Powers of Attorney: Analyzing Differences between Federal/State Statutes of Limitations and an Agent’s Authority and Duty
July 20, 2020
A recent decision, Stauffer v. Internal Revenue Service, presents an opportunity to review an important difference between the limitations periods in the Internal Revenue Code (IRC) and New York Civil Practice Laws and Rules (CPLR) applicable to persons under a mental disability who have appointed an agent through a power of attorney (POA). Specifically, while a mentally disabled person/principal may be excused from acting within certain time limitations imposed by state law, this is not true under the IRC, even if the agent has no legal duty to act on behalf of the principal. Thus, a principal’s interests may be harmed due to the inaction of the agent, yet the agent had no duty to take that action. The Stauffer decision also allows an opportunity to review the difference drawn between an agent’s authority and duty where an agent’s inaction caused, or is alleged to have caused, a loss to the principal.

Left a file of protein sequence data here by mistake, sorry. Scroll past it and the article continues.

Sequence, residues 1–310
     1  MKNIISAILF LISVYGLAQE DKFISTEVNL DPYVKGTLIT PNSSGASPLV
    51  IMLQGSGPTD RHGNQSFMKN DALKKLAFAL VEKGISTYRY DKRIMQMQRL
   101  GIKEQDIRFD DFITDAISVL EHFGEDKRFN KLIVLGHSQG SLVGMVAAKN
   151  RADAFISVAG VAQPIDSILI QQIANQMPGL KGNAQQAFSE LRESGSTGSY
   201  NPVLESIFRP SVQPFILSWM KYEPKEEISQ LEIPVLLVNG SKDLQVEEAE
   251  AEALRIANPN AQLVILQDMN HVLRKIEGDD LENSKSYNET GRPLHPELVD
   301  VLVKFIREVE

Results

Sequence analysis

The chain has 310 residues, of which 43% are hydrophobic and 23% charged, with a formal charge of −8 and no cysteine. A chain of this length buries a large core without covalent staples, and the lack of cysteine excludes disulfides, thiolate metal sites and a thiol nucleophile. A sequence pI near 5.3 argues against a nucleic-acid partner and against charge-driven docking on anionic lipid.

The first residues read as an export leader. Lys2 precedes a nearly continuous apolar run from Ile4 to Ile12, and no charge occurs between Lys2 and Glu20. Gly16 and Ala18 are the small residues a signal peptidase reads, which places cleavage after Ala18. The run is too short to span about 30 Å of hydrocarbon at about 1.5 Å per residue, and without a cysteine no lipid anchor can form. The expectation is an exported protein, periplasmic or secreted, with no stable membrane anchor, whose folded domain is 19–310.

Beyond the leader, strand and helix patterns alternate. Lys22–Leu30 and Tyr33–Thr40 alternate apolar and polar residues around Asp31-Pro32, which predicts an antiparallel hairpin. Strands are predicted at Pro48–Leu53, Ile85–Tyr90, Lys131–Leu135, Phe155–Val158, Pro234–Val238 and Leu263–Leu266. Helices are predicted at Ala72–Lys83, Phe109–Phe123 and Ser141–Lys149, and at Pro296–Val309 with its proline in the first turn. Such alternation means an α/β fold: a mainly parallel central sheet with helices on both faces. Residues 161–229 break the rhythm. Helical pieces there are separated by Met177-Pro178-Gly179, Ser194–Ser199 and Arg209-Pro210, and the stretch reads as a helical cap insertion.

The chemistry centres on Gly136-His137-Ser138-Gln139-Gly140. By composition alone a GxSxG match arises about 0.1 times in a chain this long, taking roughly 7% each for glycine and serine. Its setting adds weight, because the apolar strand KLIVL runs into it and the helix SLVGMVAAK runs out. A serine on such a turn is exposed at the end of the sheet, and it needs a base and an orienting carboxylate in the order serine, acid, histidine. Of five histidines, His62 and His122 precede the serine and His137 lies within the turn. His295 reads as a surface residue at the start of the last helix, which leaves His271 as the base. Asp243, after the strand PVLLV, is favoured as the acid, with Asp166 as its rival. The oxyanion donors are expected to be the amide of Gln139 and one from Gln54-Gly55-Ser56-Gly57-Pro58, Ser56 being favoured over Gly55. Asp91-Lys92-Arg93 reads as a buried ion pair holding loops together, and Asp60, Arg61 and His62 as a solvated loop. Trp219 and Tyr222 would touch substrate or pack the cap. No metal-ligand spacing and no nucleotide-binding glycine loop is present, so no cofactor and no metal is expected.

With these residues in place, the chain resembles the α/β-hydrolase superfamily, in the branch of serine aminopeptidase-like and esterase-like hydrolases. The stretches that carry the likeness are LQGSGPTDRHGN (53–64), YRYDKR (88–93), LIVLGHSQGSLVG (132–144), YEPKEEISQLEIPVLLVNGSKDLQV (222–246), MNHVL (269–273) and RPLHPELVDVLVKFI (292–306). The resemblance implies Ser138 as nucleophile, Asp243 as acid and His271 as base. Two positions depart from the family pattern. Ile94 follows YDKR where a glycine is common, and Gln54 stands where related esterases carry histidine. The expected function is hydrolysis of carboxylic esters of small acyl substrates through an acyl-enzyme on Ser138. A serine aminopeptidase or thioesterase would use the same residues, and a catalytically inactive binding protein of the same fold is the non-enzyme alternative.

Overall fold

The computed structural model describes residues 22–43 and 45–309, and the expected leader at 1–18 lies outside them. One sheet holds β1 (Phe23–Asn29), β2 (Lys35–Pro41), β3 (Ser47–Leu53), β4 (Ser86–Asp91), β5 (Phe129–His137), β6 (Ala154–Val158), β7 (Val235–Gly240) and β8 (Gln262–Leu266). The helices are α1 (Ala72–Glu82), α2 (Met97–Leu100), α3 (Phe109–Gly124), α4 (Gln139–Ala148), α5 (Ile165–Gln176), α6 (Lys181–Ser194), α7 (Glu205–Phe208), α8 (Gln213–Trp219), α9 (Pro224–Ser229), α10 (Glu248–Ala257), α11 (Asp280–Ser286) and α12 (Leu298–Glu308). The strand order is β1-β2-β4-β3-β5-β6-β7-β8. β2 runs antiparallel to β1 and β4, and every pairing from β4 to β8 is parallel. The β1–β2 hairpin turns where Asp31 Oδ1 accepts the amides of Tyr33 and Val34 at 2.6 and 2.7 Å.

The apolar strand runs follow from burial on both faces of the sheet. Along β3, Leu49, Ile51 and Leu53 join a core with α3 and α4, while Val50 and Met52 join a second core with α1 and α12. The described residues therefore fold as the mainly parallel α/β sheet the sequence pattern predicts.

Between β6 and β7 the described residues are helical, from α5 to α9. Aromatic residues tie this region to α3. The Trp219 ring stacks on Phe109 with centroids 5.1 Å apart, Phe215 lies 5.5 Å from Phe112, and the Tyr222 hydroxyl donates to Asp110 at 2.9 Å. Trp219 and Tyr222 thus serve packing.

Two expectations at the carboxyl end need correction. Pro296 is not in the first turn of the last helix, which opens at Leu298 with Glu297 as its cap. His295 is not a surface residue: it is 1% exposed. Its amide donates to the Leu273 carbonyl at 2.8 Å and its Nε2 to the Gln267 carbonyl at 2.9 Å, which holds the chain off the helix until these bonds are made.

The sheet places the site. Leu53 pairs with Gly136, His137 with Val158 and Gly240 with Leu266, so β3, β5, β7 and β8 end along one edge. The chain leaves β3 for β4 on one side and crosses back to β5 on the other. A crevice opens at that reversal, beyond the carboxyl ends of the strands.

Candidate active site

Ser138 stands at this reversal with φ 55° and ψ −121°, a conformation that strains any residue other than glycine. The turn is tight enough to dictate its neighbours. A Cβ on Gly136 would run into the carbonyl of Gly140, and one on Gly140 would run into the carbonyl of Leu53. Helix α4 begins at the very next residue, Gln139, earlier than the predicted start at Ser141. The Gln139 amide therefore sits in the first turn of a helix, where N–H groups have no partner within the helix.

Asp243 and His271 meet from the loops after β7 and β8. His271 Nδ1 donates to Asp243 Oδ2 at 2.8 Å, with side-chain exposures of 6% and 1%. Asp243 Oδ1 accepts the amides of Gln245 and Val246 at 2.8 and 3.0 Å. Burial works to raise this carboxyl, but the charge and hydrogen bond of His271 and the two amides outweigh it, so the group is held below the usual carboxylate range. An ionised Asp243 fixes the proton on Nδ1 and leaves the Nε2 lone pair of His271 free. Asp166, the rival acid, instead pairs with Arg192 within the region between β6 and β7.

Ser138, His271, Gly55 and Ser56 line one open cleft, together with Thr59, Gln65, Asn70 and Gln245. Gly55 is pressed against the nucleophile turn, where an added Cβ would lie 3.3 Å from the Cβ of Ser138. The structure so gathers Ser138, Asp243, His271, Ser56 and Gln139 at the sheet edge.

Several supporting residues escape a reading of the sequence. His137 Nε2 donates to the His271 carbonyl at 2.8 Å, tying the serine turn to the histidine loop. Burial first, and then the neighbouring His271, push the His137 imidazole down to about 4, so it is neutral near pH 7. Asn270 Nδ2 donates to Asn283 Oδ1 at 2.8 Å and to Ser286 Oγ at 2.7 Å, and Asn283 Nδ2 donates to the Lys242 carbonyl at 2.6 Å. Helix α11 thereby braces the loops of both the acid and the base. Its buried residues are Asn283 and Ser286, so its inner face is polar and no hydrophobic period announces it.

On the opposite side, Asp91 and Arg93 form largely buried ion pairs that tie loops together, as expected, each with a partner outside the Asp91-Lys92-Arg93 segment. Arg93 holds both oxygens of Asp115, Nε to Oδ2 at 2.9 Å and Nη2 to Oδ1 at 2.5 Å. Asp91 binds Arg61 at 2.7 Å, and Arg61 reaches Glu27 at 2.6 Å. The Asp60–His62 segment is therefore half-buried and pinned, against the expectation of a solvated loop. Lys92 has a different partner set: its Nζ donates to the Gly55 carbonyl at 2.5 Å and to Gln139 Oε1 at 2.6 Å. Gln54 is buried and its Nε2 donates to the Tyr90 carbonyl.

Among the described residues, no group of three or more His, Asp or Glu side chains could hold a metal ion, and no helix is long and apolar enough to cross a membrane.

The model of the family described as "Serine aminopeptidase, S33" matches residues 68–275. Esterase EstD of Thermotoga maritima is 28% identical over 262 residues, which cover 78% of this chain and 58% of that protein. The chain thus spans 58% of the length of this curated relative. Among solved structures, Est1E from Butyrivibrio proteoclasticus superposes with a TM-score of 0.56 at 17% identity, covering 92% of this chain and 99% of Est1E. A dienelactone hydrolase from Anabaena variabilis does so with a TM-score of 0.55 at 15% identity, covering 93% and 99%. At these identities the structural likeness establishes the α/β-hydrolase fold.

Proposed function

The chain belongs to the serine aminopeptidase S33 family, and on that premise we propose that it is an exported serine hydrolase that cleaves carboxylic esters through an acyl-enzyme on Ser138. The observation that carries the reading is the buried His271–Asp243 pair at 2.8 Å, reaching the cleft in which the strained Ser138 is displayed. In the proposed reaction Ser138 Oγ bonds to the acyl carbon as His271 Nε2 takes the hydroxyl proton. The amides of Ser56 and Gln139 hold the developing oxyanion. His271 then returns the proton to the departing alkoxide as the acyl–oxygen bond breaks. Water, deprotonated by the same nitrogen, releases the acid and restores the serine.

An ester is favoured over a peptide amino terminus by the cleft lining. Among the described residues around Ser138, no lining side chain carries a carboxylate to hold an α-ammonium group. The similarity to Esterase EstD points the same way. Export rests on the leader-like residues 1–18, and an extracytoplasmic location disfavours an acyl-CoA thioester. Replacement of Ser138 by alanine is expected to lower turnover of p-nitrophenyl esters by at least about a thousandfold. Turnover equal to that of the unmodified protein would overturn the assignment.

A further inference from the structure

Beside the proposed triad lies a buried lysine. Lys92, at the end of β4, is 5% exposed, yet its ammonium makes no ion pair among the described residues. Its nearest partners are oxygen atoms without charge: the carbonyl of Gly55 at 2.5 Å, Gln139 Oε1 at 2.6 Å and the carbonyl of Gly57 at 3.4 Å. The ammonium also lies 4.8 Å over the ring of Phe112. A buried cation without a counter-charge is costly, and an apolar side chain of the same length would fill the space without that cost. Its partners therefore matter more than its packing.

The Statutes of Limitations
New York State Law
The so-called “insanity toll” at CPLR § 208 serves to protect parties who cannot protect their legal rights due to their general inability to function in society. Thus, for those who lack the ability and capacity, due to a mental affliction, to pursue their lawful rights, this toll will relieve them of the strict time restrictions otherwise imposed by the applicable statute of limitations.
Significantly, under New York law, if another person holds a POA to act on behalf of the mentally disabled person, the existence of that agency relationship does not deprive the disabled principal of the protections of the tolling statute. In other words, if an agent is merely authorized to act on behalf of the principal – and could act – with respect to the particular matter, this fact does not create an exception to the tolling provisions at CPLR § 208. The opposite, however, is the case under IRC § 6511.
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